This Telluride Science Research Center (TSRC) workshop will bring together experts in synthetic chemistry, theory and computation, biology, materials science and engineering, and device physics to scout the pathways forward to synthetically regulate the mixed (ionic and electronic) conduction of organic semiconductors for facile interfacing with biological systems. Since the early demonstration by Luigi Galvani that electrical impulses could trigger motion in a frog's leg, the field of bioelectronics has produced significant advances towards electronic devices that interact with biological systems, revolutionizing research, diagnosis and therapy. Sensors that allow for electrical read-out of important disease markers, and implants/stimulators used for the detection and treatment of pathological cellular activity, are only a few examples of what such technologies can offer. A long-term challenge for developing high performance bioelectronic devices lies in the difference between the signal transduction mechanisms of conventional electronic materials and biological systems. Conducting both ionic and electronic charge carriers, organic semiconductors are impacting on a large variety of biology-related applications as the electronic material interfacing with living systems. The device form factors that arise from the inherent mechanical flexibility of so-called "plastic" materials, and the ability to readily tune the material electronic and optical properties as well as interactions with water-born systems through well-established synthetic chemistry principles make these materials particularly suitable for bioelectronics.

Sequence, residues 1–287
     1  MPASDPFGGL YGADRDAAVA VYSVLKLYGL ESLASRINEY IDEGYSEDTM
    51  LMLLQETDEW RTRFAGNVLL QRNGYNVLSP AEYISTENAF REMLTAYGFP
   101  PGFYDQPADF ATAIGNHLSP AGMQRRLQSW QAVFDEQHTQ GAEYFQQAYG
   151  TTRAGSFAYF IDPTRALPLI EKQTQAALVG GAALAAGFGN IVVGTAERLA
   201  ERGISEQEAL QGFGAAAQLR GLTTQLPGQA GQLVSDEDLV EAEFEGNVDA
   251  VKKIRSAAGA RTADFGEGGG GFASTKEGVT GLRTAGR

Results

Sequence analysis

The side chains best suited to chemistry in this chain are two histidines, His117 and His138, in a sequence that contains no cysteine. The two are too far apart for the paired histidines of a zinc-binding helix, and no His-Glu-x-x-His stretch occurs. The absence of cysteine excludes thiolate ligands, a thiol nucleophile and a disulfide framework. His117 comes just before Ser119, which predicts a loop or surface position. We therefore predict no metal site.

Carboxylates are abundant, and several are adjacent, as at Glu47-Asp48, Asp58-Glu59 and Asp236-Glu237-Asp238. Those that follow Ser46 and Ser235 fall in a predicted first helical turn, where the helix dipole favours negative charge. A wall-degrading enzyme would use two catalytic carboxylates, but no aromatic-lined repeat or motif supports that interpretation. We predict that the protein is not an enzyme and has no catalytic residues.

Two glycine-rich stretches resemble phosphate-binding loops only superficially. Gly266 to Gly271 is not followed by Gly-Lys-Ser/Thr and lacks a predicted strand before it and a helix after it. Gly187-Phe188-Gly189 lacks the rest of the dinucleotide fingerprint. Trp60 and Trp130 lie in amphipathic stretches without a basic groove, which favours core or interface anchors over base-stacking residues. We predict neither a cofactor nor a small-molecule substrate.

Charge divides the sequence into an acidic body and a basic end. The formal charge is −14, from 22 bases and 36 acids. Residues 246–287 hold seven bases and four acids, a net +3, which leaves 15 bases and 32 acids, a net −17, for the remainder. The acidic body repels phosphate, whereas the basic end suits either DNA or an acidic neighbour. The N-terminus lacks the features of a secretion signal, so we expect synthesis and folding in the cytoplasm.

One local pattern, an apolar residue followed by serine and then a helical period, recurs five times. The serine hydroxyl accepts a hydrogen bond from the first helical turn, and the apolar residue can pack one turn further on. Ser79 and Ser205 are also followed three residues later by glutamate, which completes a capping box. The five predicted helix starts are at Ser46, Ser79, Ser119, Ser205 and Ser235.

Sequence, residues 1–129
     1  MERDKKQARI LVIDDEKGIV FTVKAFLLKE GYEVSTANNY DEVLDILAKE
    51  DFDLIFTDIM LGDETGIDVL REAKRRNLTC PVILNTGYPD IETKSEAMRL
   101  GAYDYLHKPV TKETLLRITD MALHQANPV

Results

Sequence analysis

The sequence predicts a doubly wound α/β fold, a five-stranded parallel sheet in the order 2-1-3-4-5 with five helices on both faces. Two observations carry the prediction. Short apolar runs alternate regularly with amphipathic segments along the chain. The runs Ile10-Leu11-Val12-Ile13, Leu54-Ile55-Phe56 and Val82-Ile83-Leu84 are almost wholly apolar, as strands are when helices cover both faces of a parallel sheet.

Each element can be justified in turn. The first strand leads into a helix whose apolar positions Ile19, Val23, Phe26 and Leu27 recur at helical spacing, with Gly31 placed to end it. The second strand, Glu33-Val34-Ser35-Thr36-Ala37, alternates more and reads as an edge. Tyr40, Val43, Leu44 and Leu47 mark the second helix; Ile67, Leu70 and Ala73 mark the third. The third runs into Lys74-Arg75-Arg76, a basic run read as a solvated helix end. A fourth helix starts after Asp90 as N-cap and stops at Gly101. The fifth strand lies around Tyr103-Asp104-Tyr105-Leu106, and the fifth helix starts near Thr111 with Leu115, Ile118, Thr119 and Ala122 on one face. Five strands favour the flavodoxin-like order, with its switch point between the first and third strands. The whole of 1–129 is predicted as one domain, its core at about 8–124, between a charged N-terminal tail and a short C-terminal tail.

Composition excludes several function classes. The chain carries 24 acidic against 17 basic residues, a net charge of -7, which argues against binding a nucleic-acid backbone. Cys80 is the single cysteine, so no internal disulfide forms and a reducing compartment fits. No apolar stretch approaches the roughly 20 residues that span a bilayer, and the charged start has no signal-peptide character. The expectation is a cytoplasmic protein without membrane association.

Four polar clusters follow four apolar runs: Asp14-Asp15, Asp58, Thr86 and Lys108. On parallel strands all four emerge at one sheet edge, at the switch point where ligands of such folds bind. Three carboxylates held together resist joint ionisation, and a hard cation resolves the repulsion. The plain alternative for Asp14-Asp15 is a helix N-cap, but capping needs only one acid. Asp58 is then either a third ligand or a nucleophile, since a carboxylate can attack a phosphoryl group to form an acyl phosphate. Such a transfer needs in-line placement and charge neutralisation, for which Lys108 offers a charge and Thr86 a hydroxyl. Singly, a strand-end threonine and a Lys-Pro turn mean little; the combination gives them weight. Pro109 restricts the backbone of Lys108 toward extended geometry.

While research in organic bioelectronics is rapidly progressing, the evolution of this technology relies heavily on improving mixed transport properties of semiconducting films. Our current understanding of how thin organic semiconducting films conduct charge at the biotic interface is limited due to the challenges in monitoring simultaneous conduction of ions and electrons in the film, and is challenged by the gaps in terminology as the study of these materials lies at the intersection of materials science, solid-state physics, and electrochemistry. Establishing structure/function relationships for organic bioelectronics is the key for breakthroughs in organic bioelectronics. The ability to tune microstructure by materials chemistry and processing gives a tool to control transport properties, but also to develop the ideal material structure and optimize device geometry/operation conditions. There is a strong need to develop in situ techniques that monitor dynamically changes in the structure, optical and electrical properties of the film as (aqueous) electrolyte interfaces have constant interactions with film microstructure. Moreover, computational methods are necessary to understand the impact of aqueous environment and biasing conditions on film properties to develop devices with reversible operation for biosensing or actuation but also those with hysteretic behavior for neuromorphic computing.